China gets tougher with food crimes

Updated: 2013-05-03 21:45


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BEIJING - China will punish the production and sale of unsafe food products more harshly to combat increasingly severe food scandals, judicial authorities said on Friday.

The Supreme People's Court and the Supreme People's Procuratorate have issued explanations that specify crimes related to food safety and set standards for the punishment for these crimes, court spokesman Sun Jungong told a press conference.

The explanations are believed to form a rigorous system to punish crimes that threaten food safety, he said.

"The food safety situation is still very grave, because the number of crimes undermining food safety has been climbing with notorious cases related to food safety occurring now and then," he said, citing in particular cases involving the use of chemicals while processing meat products and the production of toxic bean sprouts.

The crimes have severely harmed public health, economic order and society, he added.

Some 2,088 people have been subject to punishment between 2010 and 2012 in 1,533 food safety cases. The number of such cases grew exponentially in the three years.

The number of poisonous food cases tried by Chinese courts rose from 80 in 2010 to 861 in 2012, Sun said.

A selection of typical cases involving food-related crimes were published by the Supreme People's Court on Friday.

In one case in 2009, defendant Wang Changbing made spirits with tap water, additive and industrial alcohol that he bought in Yidu city, central China's Hubei province. Five people died and six were left in serious condition after drinking Wang's poisonous beverage.

Wang received a death penalty with a two-year reprieve, and was fined 990,000 yuan ($160,400).

Other cases involved producing and selling gutter oil, as well as pork from pigs that had died of diseases. Defendants in these cases were punished with imprisonment and fines.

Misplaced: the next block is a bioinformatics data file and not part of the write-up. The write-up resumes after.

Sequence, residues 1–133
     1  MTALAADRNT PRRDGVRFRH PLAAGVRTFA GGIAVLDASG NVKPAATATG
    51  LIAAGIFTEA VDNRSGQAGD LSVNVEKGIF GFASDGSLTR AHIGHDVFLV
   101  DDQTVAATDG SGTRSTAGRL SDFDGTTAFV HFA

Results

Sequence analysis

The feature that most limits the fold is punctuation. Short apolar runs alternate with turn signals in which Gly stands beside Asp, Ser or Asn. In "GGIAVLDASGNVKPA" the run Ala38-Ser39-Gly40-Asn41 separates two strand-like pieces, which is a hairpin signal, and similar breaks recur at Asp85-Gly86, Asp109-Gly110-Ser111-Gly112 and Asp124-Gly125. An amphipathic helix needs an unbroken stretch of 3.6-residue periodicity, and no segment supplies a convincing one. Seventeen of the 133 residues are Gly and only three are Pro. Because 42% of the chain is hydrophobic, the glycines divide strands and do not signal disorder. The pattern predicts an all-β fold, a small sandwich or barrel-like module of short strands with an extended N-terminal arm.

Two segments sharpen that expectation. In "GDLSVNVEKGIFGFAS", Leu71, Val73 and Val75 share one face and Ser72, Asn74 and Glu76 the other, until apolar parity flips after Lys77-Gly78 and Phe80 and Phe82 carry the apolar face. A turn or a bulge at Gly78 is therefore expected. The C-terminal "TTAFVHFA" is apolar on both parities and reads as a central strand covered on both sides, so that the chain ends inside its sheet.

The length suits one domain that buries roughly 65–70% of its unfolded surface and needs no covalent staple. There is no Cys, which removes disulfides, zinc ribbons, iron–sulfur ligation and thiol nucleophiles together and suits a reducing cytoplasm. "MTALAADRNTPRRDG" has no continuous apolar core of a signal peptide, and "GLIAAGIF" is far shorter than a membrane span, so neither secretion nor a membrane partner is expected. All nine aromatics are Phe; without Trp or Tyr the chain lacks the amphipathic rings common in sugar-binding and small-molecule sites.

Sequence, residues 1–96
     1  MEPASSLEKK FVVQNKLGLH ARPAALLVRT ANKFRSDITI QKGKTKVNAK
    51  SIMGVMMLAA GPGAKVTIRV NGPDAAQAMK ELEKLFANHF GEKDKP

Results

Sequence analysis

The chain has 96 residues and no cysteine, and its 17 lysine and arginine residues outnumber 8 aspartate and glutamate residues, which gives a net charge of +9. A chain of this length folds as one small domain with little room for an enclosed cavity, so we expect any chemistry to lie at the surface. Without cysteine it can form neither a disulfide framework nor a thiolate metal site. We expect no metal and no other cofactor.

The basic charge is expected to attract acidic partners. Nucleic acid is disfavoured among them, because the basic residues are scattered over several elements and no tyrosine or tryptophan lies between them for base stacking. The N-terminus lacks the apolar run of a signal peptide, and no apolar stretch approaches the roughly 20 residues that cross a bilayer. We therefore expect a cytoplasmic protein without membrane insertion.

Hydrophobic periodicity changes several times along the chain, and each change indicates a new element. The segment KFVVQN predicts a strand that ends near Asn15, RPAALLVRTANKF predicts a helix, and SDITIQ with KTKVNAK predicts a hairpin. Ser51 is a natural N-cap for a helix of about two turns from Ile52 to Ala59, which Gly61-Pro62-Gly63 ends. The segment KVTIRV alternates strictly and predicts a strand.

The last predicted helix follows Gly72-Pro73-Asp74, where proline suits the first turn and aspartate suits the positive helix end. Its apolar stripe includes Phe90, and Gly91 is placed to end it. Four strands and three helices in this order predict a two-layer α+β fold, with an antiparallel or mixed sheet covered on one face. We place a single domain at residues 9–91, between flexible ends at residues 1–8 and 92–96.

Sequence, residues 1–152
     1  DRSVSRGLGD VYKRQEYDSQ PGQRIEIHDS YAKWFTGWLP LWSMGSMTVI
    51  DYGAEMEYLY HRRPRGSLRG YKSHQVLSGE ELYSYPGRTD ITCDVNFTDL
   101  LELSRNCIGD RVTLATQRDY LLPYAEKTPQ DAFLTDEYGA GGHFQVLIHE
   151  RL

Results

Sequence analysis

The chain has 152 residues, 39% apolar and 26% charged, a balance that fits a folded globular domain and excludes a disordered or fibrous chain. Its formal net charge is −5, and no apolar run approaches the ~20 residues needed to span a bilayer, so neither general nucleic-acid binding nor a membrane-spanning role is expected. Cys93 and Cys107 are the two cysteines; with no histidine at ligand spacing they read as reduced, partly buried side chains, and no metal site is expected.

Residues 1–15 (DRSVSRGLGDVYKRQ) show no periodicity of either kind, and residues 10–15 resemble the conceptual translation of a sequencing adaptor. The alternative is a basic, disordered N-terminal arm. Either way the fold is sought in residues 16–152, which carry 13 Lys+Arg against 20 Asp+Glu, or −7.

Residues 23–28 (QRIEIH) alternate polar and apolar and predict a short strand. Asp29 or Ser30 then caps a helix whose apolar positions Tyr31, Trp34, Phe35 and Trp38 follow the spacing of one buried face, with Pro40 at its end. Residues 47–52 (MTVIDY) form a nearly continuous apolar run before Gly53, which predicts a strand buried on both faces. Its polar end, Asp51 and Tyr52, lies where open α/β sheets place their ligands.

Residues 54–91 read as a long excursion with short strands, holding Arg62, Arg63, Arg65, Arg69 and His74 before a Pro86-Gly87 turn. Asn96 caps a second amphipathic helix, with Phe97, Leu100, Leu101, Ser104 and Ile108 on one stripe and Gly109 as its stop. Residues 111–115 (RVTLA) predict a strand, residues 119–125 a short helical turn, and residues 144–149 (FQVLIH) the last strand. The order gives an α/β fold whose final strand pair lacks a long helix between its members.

According to Chinese criminal law, there are two basic charges of undermining food safety. The first is producing and selling food that cannot meet the safety standard, and the second is producing and selling poisonous and harmful food. But the charges should meet the important conditions of "enough to cause serious food poisoning and other food-borne diseases."

Miao Youshui, a criminal judge of the SPC, said due to different understandings of the important conditions, this clause is not often used in practice.

For this reason, the judicial interpretations list five major dangerous situations, including containing pathogenic microforms, pesticide residues, heavy metals and other substances that significantly surpass the requirements of standards.

It also includes animals and their meat that die from diseases or unknown causes, and do not qualify in inspection and quarantine; and food for infants that their nutrition seriously cannot meet the requirements of food safety standards, among others.

Producing and selling health care products with illegal additives, such as Viagra in men's health food, will be charged with the crime of producing and selling poisonous and harmful food.

In the meantime, the SPC issued a judicial interpretation on dereliction of duty in food safety supervision, one of the major reasons for the increase of food-related crimes, said Sun.

The judicial interpretation makes it clear that dereliction of duty in food safety supervision should be charged with the crime of dereliction of duty in food safety supervision, instead of the lighter offenses of either abuse of power or only dereliction of duty.